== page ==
Thomas F. Maffei quoted at length in MLW article on Superior Court ruling on conflict waiver dispute
Thomas F. Maffei, of counsel in the firm’s Litigation Department, was quoted in Massachusetts Lawyers Weekly (MLW) on November 18, 2021. The article, “Client must arbitrate dispute over conflict waiver,” covers a recent ruling requiring a Wellesley investment company to arbitrate a claim for injunctive relief to bar its former law firm from representing adverse parties in a shareholder suit as allegedly permitted by a conflict waiver provision in the firm’s engagement letter.
From the article:
“The ruling illustrates how joint representation can be ‘fraught with peril,’ observed Boston professional liability attorney Thomas F. Maffei.
‘You really can’t represent two parties who are involved in the same controversy without making the determination that you can adequately represent the interests of both parties jointly, explaining to the client all the pros and cons of the joint representation and getting the client to sign off on it,’ Maffei said. ‘Joint representations should be avoided unless it is crystal clear there is no possibility of a conflict of interest.’
Maffei said so-called ‘advance waivers’ of potential conflicts, like the one at issue in Drake Partners, are becoming more common in the business context.
‘Most of the courts that have interpreted the law on this issue have said advance waivers can be effective, but they are not bullet proof,’ Maffei said. ‘You need to investigate what disclosure was made about the potential adverse matters that might come up that you now want the client to agree to let you take against them.’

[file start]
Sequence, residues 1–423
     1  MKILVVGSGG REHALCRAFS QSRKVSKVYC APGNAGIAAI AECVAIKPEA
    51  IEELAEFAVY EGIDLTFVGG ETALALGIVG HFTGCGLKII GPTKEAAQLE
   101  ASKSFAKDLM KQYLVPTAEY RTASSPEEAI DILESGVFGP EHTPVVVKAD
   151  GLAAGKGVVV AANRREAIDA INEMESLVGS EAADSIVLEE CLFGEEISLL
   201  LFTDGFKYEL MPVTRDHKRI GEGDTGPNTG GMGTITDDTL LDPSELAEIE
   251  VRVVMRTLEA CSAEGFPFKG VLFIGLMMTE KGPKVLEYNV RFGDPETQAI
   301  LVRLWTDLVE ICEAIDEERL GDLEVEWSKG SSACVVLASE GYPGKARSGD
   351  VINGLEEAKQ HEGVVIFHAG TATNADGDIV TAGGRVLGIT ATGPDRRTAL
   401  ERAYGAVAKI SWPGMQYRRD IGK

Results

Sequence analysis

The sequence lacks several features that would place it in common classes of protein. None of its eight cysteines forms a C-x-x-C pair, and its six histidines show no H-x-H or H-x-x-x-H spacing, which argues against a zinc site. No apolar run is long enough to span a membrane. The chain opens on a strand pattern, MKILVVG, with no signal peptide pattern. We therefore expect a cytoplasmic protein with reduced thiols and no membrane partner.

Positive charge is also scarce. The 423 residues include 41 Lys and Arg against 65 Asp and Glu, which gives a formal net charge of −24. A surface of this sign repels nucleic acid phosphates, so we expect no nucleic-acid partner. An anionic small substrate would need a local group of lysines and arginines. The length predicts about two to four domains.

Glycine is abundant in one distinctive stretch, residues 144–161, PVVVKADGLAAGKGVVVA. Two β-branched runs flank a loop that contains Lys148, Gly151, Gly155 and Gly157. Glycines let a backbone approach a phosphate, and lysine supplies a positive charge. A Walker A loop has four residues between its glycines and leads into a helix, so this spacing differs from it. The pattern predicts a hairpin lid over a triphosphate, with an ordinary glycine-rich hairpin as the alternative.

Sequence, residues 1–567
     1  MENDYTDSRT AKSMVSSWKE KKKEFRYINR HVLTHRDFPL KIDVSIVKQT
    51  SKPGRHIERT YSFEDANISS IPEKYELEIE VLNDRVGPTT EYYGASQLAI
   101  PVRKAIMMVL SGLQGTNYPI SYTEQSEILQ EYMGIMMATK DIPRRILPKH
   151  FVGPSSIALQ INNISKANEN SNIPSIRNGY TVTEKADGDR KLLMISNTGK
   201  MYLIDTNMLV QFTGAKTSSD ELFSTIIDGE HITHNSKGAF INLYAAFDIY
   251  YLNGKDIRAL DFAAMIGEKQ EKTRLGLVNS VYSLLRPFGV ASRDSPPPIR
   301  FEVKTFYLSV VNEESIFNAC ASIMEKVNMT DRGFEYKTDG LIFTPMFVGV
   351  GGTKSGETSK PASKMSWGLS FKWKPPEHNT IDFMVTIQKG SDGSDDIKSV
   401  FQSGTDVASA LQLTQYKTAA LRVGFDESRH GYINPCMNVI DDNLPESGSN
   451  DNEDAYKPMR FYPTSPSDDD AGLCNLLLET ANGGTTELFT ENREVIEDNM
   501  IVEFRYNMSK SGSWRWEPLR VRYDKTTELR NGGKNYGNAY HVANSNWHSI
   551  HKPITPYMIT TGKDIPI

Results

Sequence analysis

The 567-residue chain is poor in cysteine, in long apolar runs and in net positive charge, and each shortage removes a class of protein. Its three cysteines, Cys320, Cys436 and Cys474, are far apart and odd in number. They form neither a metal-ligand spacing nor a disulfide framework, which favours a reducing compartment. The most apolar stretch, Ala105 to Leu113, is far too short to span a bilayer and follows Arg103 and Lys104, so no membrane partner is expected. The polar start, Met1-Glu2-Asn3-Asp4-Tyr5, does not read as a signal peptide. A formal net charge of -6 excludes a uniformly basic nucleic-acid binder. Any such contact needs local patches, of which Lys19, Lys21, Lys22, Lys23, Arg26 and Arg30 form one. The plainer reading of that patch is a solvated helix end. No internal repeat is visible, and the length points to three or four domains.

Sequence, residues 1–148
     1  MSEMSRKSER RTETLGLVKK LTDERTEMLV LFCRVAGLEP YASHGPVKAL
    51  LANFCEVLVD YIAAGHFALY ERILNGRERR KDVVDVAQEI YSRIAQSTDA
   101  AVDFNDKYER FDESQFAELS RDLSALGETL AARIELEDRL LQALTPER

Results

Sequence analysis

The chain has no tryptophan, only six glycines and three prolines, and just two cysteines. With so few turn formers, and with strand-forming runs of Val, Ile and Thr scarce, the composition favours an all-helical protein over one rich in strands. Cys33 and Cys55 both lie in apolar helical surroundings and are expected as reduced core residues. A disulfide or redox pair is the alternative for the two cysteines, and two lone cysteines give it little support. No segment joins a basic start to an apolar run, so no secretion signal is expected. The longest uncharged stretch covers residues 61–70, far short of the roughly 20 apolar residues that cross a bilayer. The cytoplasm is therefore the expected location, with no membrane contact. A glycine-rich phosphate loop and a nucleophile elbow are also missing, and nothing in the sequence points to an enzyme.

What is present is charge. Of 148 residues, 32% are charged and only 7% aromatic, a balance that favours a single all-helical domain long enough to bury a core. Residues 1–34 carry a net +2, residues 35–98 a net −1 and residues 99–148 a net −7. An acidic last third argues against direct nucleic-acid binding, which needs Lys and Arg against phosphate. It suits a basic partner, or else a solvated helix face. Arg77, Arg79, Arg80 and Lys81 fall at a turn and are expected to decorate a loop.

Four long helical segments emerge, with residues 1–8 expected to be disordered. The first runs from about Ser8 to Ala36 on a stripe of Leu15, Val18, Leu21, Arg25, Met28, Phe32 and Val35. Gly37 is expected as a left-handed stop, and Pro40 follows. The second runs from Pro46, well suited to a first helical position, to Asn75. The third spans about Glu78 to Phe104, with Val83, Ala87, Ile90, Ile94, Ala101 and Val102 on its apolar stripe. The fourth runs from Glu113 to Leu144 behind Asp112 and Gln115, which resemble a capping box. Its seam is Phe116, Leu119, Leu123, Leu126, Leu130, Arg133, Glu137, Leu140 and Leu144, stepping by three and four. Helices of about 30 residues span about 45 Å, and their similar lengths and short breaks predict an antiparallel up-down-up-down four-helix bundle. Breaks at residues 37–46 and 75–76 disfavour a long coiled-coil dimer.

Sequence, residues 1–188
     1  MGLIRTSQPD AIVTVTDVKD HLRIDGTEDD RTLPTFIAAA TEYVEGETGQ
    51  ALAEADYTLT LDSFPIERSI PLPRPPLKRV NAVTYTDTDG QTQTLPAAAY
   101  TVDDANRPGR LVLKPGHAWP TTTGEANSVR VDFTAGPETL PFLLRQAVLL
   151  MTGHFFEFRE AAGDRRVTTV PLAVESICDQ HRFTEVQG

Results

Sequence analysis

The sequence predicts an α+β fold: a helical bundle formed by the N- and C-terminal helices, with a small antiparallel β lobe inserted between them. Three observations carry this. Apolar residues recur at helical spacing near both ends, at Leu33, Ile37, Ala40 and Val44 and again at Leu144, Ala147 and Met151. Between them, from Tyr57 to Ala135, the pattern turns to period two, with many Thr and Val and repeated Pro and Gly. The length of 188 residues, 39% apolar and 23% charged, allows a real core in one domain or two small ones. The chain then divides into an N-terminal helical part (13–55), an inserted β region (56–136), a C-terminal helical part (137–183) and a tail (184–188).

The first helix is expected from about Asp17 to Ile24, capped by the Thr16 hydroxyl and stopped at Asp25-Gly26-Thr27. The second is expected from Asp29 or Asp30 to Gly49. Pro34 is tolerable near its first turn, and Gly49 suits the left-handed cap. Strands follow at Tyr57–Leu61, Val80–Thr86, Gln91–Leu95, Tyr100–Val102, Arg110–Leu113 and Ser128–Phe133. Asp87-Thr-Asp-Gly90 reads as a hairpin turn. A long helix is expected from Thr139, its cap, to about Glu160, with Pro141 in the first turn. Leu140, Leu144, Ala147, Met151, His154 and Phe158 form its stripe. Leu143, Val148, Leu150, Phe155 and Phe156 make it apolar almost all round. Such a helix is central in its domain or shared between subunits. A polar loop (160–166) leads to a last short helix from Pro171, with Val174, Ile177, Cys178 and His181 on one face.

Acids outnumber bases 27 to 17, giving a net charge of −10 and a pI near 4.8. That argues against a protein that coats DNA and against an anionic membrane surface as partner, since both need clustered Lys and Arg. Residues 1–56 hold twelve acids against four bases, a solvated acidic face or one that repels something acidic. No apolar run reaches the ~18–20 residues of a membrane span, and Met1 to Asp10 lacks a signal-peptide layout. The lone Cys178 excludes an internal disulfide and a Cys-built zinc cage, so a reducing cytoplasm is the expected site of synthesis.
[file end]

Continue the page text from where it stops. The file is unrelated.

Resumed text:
According to Maffei, that is problematic given the difficulty in most instances of accurately predicting the ‘list of horribles’ that could give rise to an adverse relationship.
‘Whenever an advance waiver is held not to be effective, it’s because the court or disciplinary authority find that there wasn’t enough disclosure,’ Maffei said. ‘Yes, the client signed the advance waiver, but it really didn’t tell the client what that all meant.’
In sending to arbitration the parties’ dispute over Wilson Sonsini possibly appearing on behalf of an adverse party in Drake’s shareholder action, Maffei said the judge likely reached the right conclusion on one basis: the sophistication of the parties.
‘If these parties weren’t as sophisticated as the judge ruled that they are, this would have had trouble passing muster,’ he said. ‘These were sophisticated business people. They knew the difference between arbitration and litigation.'”